"A king of shreds an patches--" I yell, for the umpteenth time. A king that is not twentieth part the tithe of your precedent lord--- a king of shreds and patches. I ponder. Obviously, there is Hamlet talking about what a terrible king Claudius is, but what else is there? Why is he so hung up on what a terrible king Claudius is, and yet, not a word about how wonderful Hamlet was? "Is he trying to justify something, maybe? He has just had his mainstay, his solid ground taken away. What must that feel like? What can he be thinking…..?"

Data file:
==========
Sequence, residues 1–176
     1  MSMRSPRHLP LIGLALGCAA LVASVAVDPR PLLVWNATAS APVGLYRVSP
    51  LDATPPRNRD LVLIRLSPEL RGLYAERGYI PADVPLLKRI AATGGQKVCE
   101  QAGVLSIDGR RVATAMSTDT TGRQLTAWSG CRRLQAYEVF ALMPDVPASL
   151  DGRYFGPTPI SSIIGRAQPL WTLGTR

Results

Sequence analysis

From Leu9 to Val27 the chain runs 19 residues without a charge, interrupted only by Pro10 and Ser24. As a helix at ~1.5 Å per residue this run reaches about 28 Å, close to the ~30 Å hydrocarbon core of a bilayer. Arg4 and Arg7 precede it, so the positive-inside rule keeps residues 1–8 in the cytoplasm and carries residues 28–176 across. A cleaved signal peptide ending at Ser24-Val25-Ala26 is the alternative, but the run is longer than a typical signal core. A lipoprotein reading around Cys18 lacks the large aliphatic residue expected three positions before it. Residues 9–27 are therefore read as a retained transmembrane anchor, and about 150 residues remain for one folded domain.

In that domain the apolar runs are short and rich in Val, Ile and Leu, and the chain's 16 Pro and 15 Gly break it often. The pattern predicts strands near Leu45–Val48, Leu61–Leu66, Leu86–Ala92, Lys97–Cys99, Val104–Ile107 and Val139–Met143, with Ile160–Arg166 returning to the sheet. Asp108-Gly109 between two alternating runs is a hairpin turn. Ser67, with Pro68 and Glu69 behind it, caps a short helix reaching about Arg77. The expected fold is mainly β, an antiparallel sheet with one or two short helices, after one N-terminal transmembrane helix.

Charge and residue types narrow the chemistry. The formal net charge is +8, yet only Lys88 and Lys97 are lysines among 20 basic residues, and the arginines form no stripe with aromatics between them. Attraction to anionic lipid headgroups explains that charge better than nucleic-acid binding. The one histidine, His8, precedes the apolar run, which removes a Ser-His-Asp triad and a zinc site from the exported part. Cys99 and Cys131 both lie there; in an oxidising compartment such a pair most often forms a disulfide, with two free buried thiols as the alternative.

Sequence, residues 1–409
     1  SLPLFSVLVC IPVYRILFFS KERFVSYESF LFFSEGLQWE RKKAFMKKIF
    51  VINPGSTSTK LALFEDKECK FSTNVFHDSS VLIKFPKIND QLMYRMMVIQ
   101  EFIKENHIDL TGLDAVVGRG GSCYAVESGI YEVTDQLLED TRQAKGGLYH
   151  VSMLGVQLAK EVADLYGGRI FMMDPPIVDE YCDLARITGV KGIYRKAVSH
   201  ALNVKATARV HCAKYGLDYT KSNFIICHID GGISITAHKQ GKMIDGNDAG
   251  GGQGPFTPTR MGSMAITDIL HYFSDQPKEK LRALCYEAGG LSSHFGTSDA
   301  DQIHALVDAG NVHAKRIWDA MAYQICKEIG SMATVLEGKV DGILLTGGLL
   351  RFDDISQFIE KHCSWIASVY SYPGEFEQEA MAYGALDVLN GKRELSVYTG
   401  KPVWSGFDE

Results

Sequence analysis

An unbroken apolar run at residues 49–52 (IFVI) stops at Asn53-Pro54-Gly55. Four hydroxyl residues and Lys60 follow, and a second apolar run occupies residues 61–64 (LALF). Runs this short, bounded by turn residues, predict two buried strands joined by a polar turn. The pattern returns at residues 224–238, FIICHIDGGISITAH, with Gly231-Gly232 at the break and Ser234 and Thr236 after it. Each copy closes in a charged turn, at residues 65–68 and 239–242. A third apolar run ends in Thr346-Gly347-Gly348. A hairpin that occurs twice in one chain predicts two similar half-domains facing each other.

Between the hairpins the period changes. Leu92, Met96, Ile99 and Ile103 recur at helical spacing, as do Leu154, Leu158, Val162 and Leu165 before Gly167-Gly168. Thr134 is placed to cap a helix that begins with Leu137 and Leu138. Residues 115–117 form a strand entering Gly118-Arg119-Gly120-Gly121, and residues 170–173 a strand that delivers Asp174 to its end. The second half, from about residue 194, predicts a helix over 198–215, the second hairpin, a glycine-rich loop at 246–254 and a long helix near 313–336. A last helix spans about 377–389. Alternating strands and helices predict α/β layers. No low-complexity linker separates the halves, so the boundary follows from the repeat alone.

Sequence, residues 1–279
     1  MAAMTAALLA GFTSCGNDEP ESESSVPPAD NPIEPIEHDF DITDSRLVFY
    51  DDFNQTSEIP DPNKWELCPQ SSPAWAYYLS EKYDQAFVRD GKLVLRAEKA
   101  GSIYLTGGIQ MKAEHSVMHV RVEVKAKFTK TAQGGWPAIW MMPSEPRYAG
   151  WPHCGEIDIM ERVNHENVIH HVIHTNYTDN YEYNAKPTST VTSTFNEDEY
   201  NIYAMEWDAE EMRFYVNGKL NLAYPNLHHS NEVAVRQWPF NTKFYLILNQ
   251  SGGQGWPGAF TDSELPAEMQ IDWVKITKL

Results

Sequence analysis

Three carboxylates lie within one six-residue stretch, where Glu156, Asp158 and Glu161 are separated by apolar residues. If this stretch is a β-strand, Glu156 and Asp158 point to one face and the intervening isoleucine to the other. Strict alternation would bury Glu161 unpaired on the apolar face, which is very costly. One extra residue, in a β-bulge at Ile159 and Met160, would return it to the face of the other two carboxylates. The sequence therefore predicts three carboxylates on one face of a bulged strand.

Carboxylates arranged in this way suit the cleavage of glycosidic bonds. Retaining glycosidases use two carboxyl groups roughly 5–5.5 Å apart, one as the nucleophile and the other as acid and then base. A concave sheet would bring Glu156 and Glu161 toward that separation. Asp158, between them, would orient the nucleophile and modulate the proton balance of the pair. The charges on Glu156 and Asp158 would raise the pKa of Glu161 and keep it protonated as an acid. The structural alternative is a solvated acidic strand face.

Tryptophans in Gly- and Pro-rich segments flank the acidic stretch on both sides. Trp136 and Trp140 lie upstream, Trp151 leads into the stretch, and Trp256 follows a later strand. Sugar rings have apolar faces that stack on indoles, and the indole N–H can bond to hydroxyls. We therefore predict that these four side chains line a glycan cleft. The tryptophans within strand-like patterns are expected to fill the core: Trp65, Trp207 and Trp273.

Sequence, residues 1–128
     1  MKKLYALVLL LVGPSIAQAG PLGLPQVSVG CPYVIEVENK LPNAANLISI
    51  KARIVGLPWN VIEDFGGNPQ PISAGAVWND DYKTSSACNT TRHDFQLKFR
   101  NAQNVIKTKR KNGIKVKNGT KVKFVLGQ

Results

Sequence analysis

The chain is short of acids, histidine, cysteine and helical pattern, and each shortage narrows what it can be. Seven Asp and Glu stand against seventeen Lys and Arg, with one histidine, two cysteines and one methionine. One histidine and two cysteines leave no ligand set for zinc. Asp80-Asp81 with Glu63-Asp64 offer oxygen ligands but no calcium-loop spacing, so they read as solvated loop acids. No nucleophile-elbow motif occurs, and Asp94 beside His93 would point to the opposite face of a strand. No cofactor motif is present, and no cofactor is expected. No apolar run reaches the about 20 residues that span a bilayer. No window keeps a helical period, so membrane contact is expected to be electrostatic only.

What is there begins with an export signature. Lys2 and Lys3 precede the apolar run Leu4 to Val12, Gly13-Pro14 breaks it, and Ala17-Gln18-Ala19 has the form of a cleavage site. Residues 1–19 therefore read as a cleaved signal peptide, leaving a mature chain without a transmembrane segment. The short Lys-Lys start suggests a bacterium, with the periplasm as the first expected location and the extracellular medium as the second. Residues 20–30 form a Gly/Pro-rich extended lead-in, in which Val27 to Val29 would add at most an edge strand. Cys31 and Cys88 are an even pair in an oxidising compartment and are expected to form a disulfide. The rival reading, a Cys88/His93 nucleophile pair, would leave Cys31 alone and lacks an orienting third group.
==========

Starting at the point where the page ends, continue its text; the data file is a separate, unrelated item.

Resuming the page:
It's been said that Hamlet is the toughest role to play, ever. I really do believe that. I think that Shakespeare had a personal connection with Hamlet, and was himself very confused, and that resulted in an extremely confusing character who no one really knows how to play. I think that Hamlet is the most human of any character in any play, ever, but that doesn't make much sense, because we are all human, so why would it be hard to play an accurate embodiment of ourselves? I think that it is because Hamlet is the part of us that we do not like to acknowledge. Hamlet is all the feelings we like to pretend we do not have. He is the less glamorous side of the human race. A race that prides itself on emotions and souls and other such things we say set us apart from all other living creatures, and we all secretly know that these emotions are going to be our downfall. It is what we fear, more than anything, no matter what we say we fear, this is what takes us over. It is fear itself. It is grief and selfishness, loss and loss of control, it is losing what you have stood on for so long, and then doubting whether it was the right thing to be trusting. It is all the bad feelings is the world and it is bottling them up so they have nowhere to go but inside you, tearing away at what you knew, leaving doubt and mistrust of what you still have, and most of all it is the feeling that comes from this. It is the overwhelming feeling of weakness that you get when you find that you cannot handle something, when you cannot take all that badness. All this is Hamlet. It is what Hamlet is feeling, and what Shakespeare does is accents it, so that everyone is feeling it too. What the actor has to do is just let him (or her) self go, and pretend to kill something with all that fear, because you can't do it in real life. But what actor can do that? What actor wants to? Who would want to feel all the bad feelings in life, and make everyone else in the room feel it too? No one wants to feel that, or make others feel that. No one wants to be everything we hate about ourselves. That's what I learned from trying to play Hamlet.